It is not uncommon in the health care industry for employers to require a background check and a drug test as a condition of an employment offer to a potential candidate. However, failure to follow state and federal guidelines in this area can subject an employer to potential litigation.
Background checks may cover a range of areas and are designed to ensure that candidates who receive employment offers represent themselves accurately in the application and interview process. Although not all areas may be utilized in every hiring situation, background checks include: employment references; educational references; financial references; motor vehicle record checks; and criminal record checks. Many HR departments conduct these checks using individual resources; however there are companies that provide comprehensive background check services which cover any and all of the above.
Some issues to keep in mind and keep liability at bay are:
- Employment references must be obtained with the candidate’s permission. Employers should ensure that their application forms include a statement granting this permission and that the statement is signed by the applicant. Most organizations will only supply information with a signed statement from the former employee while others will only verify dates of employment and salary. This is, in part, due to increased litigation by former employees who discovered that they were given poor recommendations.
- Educational references can be requested from the candidate by requesting transcripts or verification of graduation from the educational institution listed on the application.
- Financial references or credit history checks may be considered discriminatory toward women and minorities and generally should only be conducted if the position entails financial responsibility, such as the handling of significant amounts of currency or other valuables. Employers who need to do this type of screening must comply with the Fair Credit Reporting Act (FCRA) and more recently, the Fair and Accurate Credit Transactions Act (FACT). The FCRA requires employers to follow the following process when utilizing Consumer Reporting Agencies to perform investigations: provide a clear disclosure in writing to the candidate before the report is acquired; receive written authorization from the candidate to obtain the report; if adverse action is going to be taken based on the report, the employer must provide to the candidate, within three days, a copy of the report and a copy of the Federal Trade Commission notice “A Summary of Your Rights Under the Fair Credit Reporting Act” and must advise candidate of his/her right to dispute the accuracy of information contained in the report.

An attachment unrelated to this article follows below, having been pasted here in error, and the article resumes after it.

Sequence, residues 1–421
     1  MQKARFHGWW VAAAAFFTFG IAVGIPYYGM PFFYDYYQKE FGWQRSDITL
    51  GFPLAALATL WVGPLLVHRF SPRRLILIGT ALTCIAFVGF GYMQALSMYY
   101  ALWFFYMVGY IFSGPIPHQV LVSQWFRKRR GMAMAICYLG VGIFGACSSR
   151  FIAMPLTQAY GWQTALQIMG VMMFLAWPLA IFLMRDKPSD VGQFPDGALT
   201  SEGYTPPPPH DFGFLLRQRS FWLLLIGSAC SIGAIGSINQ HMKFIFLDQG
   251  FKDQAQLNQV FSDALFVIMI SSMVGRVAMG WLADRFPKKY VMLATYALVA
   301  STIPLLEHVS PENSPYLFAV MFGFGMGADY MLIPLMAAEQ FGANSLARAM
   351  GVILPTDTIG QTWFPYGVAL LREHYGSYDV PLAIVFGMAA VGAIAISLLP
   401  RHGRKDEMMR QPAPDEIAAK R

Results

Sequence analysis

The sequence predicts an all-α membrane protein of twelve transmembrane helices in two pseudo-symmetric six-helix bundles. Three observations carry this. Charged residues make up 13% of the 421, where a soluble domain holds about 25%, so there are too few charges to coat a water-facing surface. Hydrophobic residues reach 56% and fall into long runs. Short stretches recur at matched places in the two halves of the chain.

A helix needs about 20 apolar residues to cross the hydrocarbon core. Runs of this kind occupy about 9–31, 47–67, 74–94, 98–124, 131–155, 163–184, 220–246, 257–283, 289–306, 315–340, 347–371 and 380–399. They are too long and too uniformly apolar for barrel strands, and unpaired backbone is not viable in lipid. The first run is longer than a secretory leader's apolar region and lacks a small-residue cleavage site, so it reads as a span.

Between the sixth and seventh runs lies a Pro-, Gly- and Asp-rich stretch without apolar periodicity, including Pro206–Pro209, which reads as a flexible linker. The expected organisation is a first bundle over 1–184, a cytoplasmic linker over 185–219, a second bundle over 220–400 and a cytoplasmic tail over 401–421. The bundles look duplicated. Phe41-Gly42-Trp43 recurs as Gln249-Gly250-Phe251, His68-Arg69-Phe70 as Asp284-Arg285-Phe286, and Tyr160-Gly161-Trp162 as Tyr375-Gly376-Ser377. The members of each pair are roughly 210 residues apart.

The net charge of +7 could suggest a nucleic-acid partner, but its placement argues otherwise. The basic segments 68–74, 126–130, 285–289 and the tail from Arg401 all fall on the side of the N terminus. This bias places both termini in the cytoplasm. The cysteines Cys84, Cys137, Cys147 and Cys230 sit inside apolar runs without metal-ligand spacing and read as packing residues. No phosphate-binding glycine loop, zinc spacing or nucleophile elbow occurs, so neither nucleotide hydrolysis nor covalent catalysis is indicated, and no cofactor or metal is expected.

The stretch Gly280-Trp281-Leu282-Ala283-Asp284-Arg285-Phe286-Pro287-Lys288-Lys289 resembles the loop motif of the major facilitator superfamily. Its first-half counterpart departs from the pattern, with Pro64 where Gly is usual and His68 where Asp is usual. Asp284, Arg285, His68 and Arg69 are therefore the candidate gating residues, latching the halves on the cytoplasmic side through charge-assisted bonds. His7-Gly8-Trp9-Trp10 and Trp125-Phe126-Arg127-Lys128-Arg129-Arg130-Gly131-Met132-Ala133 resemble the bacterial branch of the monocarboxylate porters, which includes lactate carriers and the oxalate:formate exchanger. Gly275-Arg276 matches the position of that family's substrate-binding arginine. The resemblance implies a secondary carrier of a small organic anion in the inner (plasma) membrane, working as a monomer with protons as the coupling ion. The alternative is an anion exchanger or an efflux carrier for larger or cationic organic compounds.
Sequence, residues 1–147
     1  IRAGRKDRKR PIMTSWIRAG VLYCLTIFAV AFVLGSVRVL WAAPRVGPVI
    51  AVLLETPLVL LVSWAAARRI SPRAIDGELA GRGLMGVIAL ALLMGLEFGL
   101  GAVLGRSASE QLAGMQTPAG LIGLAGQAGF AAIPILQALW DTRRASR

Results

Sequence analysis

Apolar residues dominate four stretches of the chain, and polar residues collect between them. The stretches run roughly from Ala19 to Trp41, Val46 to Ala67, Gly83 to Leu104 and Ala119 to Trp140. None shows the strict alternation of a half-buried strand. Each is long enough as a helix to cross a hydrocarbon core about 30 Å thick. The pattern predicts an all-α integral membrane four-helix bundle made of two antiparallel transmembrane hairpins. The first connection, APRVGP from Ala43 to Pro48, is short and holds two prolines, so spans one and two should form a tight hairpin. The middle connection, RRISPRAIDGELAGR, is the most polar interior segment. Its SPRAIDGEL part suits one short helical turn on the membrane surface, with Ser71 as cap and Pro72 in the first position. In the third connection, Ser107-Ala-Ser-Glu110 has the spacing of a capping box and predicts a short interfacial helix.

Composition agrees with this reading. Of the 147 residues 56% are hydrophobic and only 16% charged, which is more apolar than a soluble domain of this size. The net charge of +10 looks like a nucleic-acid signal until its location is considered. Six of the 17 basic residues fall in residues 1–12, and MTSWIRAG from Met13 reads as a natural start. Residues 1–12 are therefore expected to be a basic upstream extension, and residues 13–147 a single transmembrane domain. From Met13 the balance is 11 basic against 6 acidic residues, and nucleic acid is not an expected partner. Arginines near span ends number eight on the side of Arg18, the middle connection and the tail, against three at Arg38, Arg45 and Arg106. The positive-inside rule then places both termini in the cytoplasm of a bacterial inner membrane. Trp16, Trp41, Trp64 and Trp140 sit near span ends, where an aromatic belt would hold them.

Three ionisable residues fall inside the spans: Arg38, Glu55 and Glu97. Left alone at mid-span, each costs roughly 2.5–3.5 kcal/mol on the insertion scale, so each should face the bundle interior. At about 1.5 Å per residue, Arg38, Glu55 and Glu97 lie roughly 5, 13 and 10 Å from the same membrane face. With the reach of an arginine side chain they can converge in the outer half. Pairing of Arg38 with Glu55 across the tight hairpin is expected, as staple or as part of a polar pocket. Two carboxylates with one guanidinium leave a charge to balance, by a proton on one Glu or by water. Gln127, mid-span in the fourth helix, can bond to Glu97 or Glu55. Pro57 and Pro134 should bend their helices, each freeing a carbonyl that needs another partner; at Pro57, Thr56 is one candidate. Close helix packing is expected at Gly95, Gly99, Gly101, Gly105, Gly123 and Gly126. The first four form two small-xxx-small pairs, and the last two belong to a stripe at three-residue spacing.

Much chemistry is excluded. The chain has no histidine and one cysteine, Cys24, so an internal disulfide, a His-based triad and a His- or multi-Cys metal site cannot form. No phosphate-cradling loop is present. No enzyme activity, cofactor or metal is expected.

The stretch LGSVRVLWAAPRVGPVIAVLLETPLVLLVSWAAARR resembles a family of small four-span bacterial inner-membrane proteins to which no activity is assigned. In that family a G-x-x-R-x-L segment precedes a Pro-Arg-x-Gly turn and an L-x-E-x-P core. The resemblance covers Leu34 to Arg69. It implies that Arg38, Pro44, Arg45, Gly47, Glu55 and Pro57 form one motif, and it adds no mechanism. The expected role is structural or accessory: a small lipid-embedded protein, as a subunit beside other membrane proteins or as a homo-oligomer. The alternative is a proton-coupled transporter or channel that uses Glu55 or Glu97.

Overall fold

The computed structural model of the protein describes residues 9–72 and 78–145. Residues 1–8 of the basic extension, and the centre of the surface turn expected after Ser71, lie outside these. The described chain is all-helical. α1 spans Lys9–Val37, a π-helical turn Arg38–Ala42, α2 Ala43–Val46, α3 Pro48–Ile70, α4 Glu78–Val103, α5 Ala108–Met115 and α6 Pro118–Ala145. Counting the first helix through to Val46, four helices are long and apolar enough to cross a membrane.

- Motor vehicle record checks are maintained by Departments of Motor Vehicles and can be accessed by the employer. It is suggested that motor vehicle record checks only be conducted on candidates seeking positions requiring the use of organizational or personal vehicles in the course of performing their duties.
- Criminal Record Checks are considered consumer investigations and must comply with the FCRA requirements discussed above. Criminal record checks may be used to screen potential employment issues and to protect employers from litigation from negligent hiring that may arise if an employer knew, or should have known, about an applicant’s prior history that endangered customers, employees, vendors or others with whom the employee comes into contact. If a criminal record check is going to be performed, the employment application must include a disclosure to that effect and must be signed by the applicant. Any negative information obtained should be carefully reviewed on a case-by-case basis, making sure to consider all the relevant information such as: how the crime relates to the position applied for; how recent was the conviction; how old was the applicant when the crime occurred; the level of risk to customers, coworkers, etc. If the employer decides to make an adverse hiring decision based on negative information contained in the report, the applicant must be notified in writing and given a chance to respond. If the information is erroneous, the applicant is given an opportunity to provide information to clear the record.
Employers must ensure that they remain on top of federal and state guidelines, and the changes that may occur from time to time. Adhering to this will certainly avoid headaches and the dreaded threat of litigation.